Golden Kingdoms at the Metropolitan Museum of Art
Joanne Pillsbury, curator of the exhibition “Golden Kingdoms,” talks about masterpieces from major museums in Latin America, Europe, and the United States.
Joanne Pillsbury, Andrall E. Pearson Curator, Department of Arts of Africa, Oceania, and the Americas, gives a talk in Spanish about the spectacular royal regalia of Moche kings and queens who ruled on Peru’s North Coast some fifteen hundred years ago. The exhibition also shows masterpieces from leading museums, among them, artworks that trace the Spanish influence in the Ancient Americas.
About Golden Kingdoms
Golden Kingdoms: Luxury and Legacy in the Ancient Americas –a landmark exhibition of luxury arts of the Incas, the Aztecs, and their predecessors– traces the emergence and florescence of goldworking in the ancient Americas, from its earliest appearance in the Andes to its later developments farther north in Central America and Mexico. In the ancient Americas, metalworking developed in the context of ritual and regalia, rather than for tools, weapons, or currency.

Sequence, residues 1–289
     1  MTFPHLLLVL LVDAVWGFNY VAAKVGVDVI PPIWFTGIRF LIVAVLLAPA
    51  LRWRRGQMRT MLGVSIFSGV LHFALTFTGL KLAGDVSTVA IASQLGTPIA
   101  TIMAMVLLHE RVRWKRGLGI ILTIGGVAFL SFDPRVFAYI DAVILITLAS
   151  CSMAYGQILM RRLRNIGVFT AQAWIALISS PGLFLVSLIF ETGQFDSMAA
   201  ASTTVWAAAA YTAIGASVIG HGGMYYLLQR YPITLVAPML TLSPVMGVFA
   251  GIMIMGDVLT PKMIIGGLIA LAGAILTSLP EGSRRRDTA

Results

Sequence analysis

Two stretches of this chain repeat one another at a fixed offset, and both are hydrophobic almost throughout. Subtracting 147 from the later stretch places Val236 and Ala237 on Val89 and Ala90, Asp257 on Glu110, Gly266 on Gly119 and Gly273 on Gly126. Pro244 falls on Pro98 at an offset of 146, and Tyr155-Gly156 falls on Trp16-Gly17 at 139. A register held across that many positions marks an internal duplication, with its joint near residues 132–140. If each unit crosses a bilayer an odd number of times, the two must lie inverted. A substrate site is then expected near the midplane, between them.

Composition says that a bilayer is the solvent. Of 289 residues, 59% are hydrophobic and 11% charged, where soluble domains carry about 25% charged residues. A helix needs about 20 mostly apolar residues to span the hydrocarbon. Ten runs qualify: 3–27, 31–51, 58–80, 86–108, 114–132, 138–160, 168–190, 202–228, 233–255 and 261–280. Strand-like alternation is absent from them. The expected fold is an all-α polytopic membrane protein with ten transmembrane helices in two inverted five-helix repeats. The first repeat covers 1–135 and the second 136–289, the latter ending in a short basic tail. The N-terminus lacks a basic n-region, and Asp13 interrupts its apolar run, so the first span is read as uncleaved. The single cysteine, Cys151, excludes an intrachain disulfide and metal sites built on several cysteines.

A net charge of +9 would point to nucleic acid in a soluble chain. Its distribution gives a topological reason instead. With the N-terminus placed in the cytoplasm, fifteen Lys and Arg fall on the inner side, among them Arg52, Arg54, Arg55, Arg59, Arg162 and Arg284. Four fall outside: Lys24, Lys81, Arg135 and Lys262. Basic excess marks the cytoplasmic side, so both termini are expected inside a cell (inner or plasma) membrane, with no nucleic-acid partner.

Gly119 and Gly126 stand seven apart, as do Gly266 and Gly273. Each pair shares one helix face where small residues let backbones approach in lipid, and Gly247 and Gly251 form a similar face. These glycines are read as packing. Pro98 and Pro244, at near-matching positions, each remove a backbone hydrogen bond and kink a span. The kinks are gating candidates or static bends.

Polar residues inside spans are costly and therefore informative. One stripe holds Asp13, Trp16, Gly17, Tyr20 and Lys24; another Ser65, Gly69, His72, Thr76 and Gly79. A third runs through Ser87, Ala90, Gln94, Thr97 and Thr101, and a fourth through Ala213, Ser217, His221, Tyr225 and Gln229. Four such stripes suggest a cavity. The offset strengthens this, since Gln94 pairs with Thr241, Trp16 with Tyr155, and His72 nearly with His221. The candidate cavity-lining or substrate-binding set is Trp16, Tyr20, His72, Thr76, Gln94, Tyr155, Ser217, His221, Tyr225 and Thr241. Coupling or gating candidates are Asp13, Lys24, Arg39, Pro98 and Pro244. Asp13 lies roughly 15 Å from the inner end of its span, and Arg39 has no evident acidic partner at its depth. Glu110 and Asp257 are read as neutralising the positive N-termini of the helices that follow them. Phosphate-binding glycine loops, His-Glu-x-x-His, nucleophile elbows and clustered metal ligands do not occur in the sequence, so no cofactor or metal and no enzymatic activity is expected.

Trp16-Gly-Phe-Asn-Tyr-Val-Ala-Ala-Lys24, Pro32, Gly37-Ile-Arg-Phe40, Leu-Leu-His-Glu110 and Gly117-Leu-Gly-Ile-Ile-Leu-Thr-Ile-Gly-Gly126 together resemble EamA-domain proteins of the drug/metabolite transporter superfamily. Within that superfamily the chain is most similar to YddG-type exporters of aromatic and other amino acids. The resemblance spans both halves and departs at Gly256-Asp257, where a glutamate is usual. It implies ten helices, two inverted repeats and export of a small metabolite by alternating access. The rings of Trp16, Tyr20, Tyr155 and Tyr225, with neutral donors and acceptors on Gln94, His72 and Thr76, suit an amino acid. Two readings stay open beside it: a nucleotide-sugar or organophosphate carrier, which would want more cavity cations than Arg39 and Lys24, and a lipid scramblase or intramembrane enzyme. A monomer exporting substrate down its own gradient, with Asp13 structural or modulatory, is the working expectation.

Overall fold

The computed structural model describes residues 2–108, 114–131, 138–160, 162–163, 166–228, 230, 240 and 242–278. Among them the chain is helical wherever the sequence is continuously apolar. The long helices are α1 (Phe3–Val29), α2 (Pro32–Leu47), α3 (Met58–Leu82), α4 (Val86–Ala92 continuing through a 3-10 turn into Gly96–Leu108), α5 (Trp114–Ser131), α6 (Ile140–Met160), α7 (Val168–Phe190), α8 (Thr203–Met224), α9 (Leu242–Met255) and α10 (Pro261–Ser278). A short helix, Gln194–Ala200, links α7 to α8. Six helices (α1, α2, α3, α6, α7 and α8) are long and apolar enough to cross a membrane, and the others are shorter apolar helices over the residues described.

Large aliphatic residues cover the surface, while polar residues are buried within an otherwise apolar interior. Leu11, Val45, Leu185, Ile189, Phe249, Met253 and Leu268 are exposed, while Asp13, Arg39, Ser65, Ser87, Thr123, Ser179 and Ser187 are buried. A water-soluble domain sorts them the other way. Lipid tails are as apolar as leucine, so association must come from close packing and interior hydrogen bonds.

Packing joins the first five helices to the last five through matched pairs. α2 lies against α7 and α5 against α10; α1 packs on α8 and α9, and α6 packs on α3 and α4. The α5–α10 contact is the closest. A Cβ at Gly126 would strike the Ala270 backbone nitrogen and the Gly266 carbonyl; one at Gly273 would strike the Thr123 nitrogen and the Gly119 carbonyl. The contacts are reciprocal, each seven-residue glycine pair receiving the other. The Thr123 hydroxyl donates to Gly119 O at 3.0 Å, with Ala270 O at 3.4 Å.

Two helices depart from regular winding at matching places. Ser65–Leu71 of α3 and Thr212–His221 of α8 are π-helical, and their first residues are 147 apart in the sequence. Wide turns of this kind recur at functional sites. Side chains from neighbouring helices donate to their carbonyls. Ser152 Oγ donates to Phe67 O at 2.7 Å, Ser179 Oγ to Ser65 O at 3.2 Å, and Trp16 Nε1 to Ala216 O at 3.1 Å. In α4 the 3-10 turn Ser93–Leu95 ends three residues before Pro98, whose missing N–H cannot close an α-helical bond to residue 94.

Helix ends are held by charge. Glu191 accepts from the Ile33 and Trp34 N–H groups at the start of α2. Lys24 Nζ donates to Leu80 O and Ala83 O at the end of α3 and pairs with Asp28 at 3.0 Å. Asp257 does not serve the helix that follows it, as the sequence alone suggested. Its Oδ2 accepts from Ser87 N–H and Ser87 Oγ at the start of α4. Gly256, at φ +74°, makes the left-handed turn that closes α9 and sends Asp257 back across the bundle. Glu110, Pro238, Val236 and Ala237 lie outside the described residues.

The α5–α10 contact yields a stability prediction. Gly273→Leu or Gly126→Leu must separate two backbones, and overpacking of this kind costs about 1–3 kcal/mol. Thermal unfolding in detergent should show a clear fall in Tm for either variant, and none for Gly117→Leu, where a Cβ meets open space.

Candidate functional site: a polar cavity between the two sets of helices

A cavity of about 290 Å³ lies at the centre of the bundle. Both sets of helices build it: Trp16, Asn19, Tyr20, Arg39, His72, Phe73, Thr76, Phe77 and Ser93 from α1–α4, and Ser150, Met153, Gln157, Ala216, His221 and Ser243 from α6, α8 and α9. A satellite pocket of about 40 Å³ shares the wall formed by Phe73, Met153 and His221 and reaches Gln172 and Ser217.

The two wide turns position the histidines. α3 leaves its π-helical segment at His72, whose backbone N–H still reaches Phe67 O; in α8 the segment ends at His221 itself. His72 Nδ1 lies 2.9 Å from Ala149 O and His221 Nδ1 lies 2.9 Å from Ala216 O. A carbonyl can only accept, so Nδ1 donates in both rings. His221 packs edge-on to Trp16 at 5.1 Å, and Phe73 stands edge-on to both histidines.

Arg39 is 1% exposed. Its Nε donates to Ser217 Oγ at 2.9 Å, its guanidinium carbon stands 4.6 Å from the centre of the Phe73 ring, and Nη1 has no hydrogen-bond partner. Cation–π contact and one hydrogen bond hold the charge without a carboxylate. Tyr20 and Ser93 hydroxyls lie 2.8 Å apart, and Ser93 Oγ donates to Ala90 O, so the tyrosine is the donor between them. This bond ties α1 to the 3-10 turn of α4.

Golden Kingdoms reveals the distinctive ways ancient Americans used not only metals, but also jade, shell, and feathers –materials often considered more valuable than gold. Bringing together newly discovered archaeological finds and masterpieces from major museums in Latin America, Europe, and the United States, this exhibition casts new light on these ancient civilizations and their place within world history.
Golden Kingdoms focuses on specific places and times –crucibles of innovation, moments of exceptional achievement in the arts– to explore how materials were selected and transformed, imbued with meaning, and deployed in the most important rituals of their time. This unprecedented exhibition features more than 300 works from 52 lenders in 12 countries.